The 80th anniversary of Mussolini’s anti-Jewish Racial Laws have been marked in Italy with ceremonies and exhibitions.
The 1938 Royal Decree — which excluded Jews from public office and higher education, saw their civil rights restricted and their books banned — took effect on November 17, ending centuries of peaceful Jewish integration in the country.
The first shock-wave had come four months previously with the publication of the Racial Manifesto on July 13, mooting the concept of a “pure Italian race” of Aryan descent. A census of the Jews followed on August 22, singling out the Jews — all 58,412 of them — as not Aryan and therefore not Italian.
Commemorations this year for what has been described as “one of the darkest pages in Italian history” began in Trieste, the city in the north-east in which Benito Mussolini first announced the laws, where a plaque was unveiled by the local council and Jewish community.
But it is an interactive exhibition at the Italian President’s official residence in Rome that truly highlights the Racial Laws’ fateful link in a chain of events that led many Italian Jews to the extermination camps.
“Humanity Denied — From the Italian Racial Laws to Auschwitz” charts with brutal clarity the journey of a family of Roman Jews from their home in the Trastevere district to Auschwitz.
The multi-media event exhibits original documents — ranging from the Defence of the Race manifesto to the children’s school reports — and home movies are used to immerse the viewer into the atmosphere of the time.
An adjacent exhibit shows the life of a non-Jewish family, depicting how two very similar experiences between 1915 and 1938, start diverging dramatically.
The impact of that year is also the theme of a remarkable documentary that recently opened the Rome Film Festival.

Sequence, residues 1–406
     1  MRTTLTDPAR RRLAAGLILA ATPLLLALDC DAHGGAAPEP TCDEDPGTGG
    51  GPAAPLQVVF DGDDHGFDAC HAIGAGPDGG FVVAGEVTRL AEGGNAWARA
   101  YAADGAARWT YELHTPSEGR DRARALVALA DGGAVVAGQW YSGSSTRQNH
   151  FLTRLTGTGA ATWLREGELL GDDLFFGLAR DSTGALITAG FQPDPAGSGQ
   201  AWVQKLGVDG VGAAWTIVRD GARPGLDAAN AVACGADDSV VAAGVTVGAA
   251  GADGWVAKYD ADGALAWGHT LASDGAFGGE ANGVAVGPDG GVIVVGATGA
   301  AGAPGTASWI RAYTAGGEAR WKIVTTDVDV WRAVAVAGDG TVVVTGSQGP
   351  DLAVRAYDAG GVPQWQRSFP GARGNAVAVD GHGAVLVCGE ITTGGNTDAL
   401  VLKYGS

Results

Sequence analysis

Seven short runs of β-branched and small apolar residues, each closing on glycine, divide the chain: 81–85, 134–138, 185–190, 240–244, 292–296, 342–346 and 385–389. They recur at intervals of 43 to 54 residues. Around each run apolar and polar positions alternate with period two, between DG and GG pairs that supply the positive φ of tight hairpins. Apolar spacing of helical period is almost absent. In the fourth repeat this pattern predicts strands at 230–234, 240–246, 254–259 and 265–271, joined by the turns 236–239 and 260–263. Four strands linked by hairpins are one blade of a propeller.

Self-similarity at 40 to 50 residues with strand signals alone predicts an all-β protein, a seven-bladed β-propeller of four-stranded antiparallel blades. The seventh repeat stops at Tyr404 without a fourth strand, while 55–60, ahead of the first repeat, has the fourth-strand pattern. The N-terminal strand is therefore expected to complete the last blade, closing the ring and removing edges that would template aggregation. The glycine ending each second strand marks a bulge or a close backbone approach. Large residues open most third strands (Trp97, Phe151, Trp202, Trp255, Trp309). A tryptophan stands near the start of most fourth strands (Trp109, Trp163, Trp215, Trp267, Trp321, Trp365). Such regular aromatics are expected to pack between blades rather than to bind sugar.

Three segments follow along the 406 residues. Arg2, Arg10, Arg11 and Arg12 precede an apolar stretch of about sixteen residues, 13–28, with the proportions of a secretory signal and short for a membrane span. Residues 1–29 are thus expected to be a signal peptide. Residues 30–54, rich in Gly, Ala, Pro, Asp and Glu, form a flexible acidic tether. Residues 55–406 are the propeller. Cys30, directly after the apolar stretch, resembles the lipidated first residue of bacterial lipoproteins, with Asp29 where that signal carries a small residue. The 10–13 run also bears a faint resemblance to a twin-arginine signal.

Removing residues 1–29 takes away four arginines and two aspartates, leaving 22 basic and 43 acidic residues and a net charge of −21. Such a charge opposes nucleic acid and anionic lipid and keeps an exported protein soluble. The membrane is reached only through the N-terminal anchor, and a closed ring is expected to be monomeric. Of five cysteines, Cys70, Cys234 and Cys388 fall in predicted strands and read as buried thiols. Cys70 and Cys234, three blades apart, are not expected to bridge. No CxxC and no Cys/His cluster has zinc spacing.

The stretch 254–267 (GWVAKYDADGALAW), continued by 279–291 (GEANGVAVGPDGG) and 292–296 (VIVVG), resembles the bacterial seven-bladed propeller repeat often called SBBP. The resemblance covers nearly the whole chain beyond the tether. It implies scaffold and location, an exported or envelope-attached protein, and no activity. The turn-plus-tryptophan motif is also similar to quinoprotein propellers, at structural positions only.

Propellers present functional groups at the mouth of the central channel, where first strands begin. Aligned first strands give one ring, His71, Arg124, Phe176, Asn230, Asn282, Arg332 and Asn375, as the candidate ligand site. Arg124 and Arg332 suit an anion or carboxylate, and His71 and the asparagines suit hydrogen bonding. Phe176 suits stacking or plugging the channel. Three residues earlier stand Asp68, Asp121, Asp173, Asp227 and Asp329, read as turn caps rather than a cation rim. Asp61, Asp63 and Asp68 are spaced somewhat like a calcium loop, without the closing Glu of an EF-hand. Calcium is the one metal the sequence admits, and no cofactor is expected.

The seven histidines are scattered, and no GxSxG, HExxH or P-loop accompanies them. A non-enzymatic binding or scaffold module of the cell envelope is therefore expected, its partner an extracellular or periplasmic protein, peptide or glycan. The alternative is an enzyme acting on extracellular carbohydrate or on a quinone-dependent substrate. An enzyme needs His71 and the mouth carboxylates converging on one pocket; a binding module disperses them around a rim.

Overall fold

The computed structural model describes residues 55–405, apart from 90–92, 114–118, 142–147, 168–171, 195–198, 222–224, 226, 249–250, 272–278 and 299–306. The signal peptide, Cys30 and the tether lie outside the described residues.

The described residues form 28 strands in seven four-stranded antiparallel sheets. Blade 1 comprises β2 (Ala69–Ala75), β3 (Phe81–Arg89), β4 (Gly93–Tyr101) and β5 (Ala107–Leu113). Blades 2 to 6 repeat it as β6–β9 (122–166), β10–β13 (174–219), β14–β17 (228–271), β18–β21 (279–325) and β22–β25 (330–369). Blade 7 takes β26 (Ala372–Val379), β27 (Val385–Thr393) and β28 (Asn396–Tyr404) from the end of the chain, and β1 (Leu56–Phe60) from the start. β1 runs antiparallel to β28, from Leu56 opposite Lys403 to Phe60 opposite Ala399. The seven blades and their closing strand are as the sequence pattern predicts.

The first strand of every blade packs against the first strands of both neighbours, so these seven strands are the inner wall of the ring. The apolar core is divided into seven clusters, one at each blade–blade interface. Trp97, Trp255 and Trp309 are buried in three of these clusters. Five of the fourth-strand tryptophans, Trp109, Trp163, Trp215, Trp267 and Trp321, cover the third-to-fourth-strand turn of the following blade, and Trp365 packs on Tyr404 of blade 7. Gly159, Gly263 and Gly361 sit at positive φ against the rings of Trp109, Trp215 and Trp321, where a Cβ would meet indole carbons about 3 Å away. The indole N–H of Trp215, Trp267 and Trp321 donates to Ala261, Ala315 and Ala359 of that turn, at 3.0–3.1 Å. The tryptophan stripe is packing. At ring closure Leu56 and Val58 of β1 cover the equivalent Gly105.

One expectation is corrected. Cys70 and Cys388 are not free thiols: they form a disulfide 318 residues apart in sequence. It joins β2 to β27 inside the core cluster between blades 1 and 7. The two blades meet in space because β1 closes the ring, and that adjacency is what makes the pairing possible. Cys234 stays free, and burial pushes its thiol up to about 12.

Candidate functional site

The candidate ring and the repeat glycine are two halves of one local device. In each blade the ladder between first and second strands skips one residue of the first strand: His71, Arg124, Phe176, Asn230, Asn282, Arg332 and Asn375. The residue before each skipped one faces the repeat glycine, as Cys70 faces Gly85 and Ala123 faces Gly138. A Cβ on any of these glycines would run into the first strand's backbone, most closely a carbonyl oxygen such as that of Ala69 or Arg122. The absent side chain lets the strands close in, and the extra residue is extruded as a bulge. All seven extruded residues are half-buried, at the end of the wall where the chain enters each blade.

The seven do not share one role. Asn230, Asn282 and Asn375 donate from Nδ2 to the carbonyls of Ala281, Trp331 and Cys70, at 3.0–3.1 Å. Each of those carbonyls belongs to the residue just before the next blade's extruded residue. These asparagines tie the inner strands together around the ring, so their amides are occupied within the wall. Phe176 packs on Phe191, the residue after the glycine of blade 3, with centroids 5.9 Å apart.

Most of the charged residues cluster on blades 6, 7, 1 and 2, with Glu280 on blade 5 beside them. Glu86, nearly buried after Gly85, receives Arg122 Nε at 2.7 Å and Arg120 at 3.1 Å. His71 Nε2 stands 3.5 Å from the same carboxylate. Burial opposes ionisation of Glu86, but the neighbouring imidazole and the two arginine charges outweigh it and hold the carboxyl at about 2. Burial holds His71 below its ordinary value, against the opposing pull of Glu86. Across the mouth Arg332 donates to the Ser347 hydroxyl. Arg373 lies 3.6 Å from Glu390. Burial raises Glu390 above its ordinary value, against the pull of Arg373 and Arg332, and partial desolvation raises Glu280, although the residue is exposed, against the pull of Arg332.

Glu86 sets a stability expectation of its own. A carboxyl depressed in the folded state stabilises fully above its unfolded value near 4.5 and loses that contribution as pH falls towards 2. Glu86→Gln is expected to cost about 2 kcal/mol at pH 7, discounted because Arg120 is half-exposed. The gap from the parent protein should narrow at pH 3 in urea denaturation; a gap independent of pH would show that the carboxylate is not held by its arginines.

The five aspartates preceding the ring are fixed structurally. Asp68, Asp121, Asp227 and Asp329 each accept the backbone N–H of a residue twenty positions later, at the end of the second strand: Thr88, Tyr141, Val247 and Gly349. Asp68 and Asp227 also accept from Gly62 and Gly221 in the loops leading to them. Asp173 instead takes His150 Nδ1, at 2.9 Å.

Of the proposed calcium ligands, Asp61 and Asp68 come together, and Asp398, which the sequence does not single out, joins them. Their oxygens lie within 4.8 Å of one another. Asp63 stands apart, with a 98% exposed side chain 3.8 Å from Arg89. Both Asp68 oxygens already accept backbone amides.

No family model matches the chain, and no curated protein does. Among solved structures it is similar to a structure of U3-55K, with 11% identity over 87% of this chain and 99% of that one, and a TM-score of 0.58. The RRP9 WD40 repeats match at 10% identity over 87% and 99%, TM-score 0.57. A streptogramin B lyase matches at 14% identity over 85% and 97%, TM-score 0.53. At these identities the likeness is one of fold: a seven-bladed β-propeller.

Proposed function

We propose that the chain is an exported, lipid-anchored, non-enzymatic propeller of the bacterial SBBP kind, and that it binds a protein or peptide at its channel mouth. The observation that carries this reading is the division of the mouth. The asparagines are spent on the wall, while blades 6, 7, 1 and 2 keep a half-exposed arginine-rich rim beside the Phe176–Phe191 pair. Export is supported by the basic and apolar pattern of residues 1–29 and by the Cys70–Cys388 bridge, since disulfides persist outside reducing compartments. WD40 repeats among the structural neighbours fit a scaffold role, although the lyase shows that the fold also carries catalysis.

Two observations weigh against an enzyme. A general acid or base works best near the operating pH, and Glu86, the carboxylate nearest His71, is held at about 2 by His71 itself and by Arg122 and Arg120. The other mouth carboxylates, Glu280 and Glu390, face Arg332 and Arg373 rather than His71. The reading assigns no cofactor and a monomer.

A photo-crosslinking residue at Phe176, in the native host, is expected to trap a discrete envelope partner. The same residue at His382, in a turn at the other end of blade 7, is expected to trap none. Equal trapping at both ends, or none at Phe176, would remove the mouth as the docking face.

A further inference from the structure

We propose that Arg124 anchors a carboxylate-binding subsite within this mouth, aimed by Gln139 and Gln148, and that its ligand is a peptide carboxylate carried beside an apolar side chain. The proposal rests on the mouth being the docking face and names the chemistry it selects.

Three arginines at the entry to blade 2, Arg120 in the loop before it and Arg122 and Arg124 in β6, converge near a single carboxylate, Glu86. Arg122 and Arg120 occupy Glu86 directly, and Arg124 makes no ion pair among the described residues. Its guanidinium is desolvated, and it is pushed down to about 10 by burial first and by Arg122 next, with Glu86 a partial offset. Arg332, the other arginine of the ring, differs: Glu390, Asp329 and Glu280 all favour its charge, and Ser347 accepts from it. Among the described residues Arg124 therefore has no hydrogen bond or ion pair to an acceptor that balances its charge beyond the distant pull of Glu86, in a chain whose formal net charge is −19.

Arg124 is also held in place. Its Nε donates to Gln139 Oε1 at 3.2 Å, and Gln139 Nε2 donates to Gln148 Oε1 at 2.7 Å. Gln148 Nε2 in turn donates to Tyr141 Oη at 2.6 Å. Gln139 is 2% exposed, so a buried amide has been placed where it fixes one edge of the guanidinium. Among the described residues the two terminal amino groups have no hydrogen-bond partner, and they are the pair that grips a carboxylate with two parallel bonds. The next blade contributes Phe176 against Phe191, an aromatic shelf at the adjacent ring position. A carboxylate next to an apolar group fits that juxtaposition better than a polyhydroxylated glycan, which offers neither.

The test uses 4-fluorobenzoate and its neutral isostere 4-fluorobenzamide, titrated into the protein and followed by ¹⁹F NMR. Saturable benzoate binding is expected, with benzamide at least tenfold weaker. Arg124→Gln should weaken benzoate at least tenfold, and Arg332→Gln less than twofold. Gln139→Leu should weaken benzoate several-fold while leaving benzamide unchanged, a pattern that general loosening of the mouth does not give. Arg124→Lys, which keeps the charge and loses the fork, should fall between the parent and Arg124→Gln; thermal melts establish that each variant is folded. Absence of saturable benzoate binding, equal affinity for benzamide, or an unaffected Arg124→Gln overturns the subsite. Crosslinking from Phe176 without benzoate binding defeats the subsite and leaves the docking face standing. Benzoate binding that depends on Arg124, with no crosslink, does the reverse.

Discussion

In 1938 – Quando scoprimmo di non essere più italiani (“1938 – When we discovered we were no longer Italian”), director Pietro Suber recreated the events that led from the Racial Laws to the mass deportations through five very different stories.
He does so by not just giving a voice to the victims but also presenting perpetrators and witnesses, including the “silent majority” that watched the tragedy unfolding and did nothing.
We are shown the fascist Jewish Ovazza family, who were murdered in 1943; “Moretto”, a Jew from the Rome ghetto who survived by flirting with the niece of a collaborator; the Schonheit family from Ferrara coming through the camps; a Jewish woman who hid in the home of a Vatican engraver; and a family of alleged fascist informers.
It is a vivid snapshot of a country wrestling with confusion and contradictions, where cunning and luck serve better than old loyalties.
In a country like Italy, where the far-right is finding its voice again after years of being sidelined, the events of 1938 are a timely reminder of how quickly and easily things can change.
*The article was published in the London Jewish Chronicle on November 16, 2018.